The name of the system has been changed to VCPS (Video Content Protection System). It is similar to CPRM. It allows the making of an uncopyable DVD+RW from a programming source.
MagicGate Type-R for Secure Video Recording.
MagicGate is Sony's proprietary DRM for exchanging content with Sony devices, such as Hi-MD recordable discs and Memory Stick PRO.
D-VHS has a Copy Generation Management System feature which can restrict the number of copies allowed.
Windows Media Digital Rights Management Technology.
This is the DRM system that makes the least sense to me, and is also the most dangerous. It is intended to restrict the ability of a PC user to copy content that is stored on or played through a PC or Windows Media device. Given the famous insecurity of Microsoft's products, it seems unlikely that Microsoft can keep the promises that it is making to Hollywood about protecting their content.
Microsoft is working very aggressively to make Windows Media into an industry standard. Its original intentions were to control the world's digital media formats and to charge a Microsoft Tax on all media. I think its current strategy is more defensive: If Windows Media DRM is required of all PC media players, then competitive systems such as Linux are blocked from the home market.
Helix DRM Trusted Recorder.
RealNetworks is competing directly with Microsoft. They share the same inherent security weaknesses as Microsoft when in a Windows environment.
SmartRight is a hardware-based DRM system using smart cards to implement a Personal Private Network. It is more credible than software-based systems like Windows Media and Helix. The smart cards control access and usage of media within the approved devices.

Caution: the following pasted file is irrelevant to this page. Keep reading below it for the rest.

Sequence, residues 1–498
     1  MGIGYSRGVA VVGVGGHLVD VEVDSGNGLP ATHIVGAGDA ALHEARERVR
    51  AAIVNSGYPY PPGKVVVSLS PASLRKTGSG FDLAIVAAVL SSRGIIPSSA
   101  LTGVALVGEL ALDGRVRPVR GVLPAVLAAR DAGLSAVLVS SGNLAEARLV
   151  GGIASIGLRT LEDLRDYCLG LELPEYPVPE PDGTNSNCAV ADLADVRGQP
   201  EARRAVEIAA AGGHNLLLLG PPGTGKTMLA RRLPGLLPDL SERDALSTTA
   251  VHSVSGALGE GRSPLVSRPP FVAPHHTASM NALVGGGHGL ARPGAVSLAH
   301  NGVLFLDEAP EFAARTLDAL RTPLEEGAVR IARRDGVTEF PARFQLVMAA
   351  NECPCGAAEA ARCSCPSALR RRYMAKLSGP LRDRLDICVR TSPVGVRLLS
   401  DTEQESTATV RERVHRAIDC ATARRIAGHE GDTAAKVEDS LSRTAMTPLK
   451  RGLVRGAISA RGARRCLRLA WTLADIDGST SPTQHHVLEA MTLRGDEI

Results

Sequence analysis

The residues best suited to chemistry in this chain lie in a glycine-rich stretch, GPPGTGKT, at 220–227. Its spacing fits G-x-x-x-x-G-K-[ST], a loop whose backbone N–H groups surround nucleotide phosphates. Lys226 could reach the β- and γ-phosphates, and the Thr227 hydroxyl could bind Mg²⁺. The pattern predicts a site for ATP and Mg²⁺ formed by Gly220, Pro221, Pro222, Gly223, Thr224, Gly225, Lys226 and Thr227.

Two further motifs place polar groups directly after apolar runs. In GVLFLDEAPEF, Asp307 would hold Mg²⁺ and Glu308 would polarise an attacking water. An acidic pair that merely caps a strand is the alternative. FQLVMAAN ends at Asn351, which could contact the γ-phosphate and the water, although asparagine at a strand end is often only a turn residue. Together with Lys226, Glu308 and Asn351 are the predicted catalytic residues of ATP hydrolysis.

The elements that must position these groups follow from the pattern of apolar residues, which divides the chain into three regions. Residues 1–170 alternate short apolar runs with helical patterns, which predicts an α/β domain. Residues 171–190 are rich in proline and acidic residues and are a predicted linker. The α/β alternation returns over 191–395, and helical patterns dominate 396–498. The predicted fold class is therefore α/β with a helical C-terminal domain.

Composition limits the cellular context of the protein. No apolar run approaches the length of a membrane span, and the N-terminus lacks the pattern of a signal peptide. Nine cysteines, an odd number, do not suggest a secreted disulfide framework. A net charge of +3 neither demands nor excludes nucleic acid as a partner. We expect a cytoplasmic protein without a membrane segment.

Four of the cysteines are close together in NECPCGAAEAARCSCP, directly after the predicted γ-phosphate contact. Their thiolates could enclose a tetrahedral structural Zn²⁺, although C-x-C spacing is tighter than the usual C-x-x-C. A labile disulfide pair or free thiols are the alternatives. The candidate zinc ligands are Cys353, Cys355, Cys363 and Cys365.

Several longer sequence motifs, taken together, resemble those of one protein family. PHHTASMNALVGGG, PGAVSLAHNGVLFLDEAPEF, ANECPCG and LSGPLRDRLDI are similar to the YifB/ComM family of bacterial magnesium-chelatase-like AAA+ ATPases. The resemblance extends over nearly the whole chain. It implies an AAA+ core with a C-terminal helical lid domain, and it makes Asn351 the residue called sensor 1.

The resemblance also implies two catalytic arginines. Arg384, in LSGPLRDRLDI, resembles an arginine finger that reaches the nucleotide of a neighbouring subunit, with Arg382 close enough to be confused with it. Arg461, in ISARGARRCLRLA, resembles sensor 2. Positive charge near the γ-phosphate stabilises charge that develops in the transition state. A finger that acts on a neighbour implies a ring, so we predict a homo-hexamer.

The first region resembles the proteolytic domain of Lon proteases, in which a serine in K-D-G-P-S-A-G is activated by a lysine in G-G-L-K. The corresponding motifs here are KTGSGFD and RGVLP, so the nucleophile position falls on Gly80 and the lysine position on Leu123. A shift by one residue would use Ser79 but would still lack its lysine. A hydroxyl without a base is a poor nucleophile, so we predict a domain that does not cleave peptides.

Logitech is a manufacturer of computer mice. This year they bought Intrigue Technologies for its Harmony Remote Control product. It is a universal, task-oriented remote control.
To use it, you must first configure it with a website. You identify the components in your video system (TV, VCR, DVD player, stereo, STB, etc.) by manufacturer and model number. You give information about how they are linked together in order to perform specific tasks. You then plug the remote into the computer USB port. It receives IR codes and macros.
It is most effective at managing complicated video systems in which it is necessary to control multiple devices at once. For example, many systems are put together in RF chains, and it is necessary to set all of the downstream devices to channel 3 in order to watch a DVD. In such configurations, Harmony can be extremely friendly.
I think that it will be obsolete in digital systems, where integration will ultimately be at the program level, not at the device level. I want to watch a program that might be on the DVR, or at the head end VOD library, or on the Internet, or on another DVR in another room. I want the system to find it for me. IR device codes are at too low a level to do that.
ConnectedTV is a company founded by David Levitt (who was at the MIT Media Lab). They have a program-oriented remote control. Their product is software that runs in a Palm organizer.
Most of the other smart remote control systems limit most interactions to four arrow buttons and a click. ConnectedTV instead makes very good use of the Palm, but can also be used effectively with one hand.
Set up is much more difficult than with the Harmony. ConnectedTV does not have a database of IR devices, so you must program the device codes yourself. You train it by having it observe your other remote controls, and by specifying channel changing conventions.
It displays program listings. It is good at browsing the listings. You can tune a program by tapping on its listing.
It may be the best way of accessing TV in realtime. I think it is irrelevant in a DVR world, because with a DVR you watch what you want, not what is on. If ConnectedTV were fully integrated with the DVR, then it could be the world's best remote control. Since it is a software product, this is most likely possible. It might also be possible to port ConnectedTV to a lower cost device, with buttons and features that make it a better remote control.
TiVo has USB ports on it. If those ports could be used to sync with a remote, and if it would accept programming commands from the remote, then it would be a very nice thing.